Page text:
TELFORD VICE, Cape Town
HAVING ignored requests to confirm whether he was involved in the match-fixing investigation, Alviro Petersen came clean on Friday.
But, in doing so, he defied his lawyer’s advice and hid behind the protection offered by social media.
That happened after Petersen was named as a possible whistleblower or a double agent by website Wisden India in a report that did not name sources and was published on Thursday – a day after Times Media had tried to get a straight answer out of Petersen himself.
That attempt, and another made on Friday, was met with silence.
Instead, Petersen spoke on his own terms – and thus avoided questioning – in a series of tweets, each of them prefaced by the word “Fact”.
“As far as I’m concerned I’m under no investigation,” Petersen began.
“I confirm that I reported the matter to (SA Cricketers’ Association chief executive) Tony Irish and (Cricket SA’s anti-corruption officer) Louis Cole three days after I was made aware of the fixing scandal.
“Under the anti-corruption code you have to report any knowledge of corruption, and I did that as required by the code.
“Subsequent to me reporting the matter, two other players also came forward and reported that they were approached.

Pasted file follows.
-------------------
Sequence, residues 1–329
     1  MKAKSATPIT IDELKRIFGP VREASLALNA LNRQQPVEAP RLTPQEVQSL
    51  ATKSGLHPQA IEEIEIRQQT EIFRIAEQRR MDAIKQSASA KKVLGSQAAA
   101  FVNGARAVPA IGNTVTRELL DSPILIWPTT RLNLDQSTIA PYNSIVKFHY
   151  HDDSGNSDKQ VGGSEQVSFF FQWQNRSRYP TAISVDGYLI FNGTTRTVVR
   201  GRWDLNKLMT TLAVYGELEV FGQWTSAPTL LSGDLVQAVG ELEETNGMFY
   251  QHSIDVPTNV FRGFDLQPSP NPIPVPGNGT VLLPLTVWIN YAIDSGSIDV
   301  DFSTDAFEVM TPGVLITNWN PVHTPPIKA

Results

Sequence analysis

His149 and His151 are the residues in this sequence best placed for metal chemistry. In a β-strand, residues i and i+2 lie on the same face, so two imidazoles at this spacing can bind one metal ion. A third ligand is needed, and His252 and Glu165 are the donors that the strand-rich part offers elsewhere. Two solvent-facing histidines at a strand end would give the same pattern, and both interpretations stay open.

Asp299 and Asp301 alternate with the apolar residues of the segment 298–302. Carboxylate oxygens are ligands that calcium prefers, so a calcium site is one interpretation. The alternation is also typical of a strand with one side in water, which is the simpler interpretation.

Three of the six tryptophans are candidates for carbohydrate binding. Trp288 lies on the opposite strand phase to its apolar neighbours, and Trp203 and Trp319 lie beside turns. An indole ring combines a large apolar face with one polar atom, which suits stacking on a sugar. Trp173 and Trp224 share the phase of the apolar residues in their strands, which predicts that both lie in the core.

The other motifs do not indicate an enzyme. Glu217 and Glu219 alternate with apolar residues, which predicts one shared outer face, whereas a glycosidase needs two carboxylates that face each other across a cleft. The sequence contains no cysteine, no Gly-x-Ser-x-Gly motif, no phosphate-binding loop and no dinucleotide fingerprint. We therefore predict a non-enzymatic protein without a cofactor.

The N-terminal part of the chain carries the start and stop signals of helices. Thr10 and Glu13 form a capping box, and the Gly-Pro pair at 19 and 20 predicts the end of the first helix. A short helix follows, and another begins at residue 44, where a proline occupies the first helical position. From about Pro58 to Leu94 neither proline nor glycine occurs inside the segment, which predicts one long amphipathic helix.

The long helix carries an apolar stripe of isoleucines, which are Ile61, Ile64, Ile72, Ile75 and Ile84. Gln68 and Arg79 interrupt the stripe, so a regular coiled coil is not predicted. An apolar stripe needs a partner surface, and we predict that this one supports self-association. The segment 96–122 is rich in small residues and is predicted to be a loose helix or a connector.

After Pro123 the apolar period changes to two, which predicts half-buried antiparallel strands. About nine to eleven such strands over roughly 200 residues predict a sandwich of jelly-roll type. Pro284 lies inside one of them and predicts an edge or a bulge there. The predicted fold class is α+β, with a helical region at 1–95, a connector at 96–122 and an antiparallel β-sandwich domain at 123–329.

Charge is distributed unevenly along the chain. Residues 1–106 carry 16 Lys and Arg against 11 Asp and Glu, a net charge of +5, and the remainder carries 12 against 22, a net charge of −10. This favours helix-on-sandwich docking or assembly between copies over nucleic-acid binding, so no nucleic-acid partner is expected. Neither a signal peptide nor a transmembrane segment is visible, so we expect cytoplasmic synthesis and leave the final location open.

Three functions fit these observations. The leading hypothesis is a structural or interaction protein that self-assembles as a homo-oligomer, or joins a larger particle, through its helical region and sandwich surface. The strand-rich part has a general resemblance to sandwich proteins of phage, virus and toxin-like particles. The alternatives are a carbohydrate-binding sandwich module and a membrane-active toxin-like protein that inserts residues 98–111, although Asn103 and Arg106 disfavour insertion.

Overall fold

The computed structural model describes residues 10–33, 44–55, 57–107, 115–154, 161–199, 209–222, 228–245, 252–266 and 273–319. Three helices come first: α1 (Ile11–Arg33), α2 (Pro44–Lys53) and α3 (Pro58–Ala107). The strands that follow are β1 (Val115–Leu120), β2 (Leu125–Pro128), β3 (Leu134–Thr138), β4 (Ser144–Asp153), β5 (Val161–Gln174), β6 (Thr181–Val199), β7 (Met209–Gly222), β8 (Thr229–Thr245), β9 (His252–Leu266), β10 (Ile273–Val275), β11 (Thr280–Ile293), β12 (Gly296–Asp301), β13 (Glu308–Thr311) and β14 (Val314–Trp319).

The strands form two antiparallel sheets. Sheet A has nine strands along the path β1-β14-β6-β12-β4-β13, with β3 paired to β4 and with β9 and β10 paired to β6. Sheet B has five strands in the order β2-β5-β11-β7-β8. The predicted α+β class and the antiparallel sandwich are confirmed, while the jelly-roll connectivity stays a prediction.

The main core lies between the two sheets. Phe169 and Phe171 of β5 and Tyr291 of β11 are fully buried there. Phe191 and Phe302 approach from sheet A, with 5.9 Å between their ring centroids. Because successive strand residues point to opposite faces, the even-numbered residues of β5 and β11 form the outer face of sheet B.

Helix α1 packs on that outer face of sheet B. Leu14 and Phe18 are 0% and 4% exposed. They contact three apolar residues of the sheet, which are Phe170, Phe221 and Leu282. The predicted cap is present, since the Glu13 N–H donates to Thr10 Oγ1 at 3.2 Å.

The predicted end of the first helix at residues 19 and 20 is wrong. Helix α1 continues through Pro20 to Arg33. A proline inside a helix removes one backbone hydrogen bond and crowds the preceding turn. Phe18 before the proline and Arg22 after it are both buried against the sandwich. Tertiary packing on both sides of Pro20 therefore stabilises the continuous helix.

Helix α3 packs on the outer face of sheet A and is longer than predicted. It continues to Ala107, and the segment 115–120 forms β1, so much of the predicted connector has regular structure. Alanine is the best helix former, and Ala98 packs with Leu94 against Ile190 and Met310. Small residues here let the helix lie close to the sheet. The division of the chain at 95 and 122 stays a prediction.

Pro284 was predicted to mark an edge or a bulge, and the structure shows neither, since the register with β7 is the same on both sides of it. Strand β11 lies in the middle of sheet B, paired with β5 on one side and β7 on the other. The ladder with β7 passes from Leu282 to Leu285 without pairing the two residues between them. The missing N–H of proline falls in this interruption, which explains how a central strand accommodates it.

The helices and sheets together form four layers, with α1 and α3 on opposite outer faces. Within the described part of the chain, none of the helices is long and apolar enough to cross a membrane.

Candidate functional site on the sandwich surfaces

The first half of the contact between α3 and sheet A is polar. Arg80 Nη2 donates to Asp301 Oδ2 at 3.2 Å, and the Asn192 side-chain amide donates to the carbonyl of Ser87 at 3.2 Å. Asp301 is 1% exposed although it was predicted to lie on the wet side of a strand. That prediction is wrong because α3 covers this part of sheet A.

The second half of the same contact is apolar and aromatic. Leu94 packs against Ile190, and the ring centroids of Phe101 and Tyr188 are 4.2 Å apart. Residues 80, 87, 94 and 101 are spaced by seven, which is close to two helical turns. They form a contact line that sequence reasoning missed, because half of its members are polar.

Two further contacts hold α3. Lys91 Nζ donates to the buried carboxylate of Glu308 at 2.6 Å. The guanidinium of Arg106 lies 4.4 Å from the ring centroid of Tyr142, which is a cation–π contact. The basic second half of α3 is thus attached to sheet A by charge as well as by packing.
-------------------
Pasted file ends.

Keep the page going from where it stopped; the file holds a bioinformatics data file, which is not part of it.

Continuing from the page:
“I told the (anti-corruption unit) that all I wanted was for them to stop the fixing in the (2015 franchise T20 competition) before it happened …
“I was told that this could become a criminal matter under SA law.
“I was in daily communication with the (anti-corruption unit) after I reported the matter. They knew about my meetings and discussions with others.”
Petersen’s lawyer, Robin Twaddle, said he had not seen the tweets. Asked if he had advised Petersen not to comment, Twaddle said, “I have because the investigation is ongoing. We’ve been requested by CSA to not say too much while the investigation is ongoing.”
Irish had empathy for Petersen but did not condone his outburst.
“We know the investigation is slow but that’s because it needs to be thorough,” Irish said. “We understand that that can give rise to frustrations but also that it doesn’t help to make any public comment that can lead to further speculation.”
Petersen’s comments are unlikely to be well received by CSA, who ignored requests for comment. “It’s not a smart move,” an insider said.
The saga has already seen Gulam Bodi banned for 20 for his role as a middleman between fixers and players. Other players have been named in the media without confirmation of their involvement.
Irish said he had “a lot of confidence in David Becker”, the former International Cricket Council (ICC) head of legal who is running the probe.
Becker was in charge of the ICC’s investigation into spot-fixing claims made against Pakistanis Salman Butt, Mohammad Amir and Mohammad Asif in 2010.
Following a subsequent criminal case all three were jailed in England, where the offences were committed.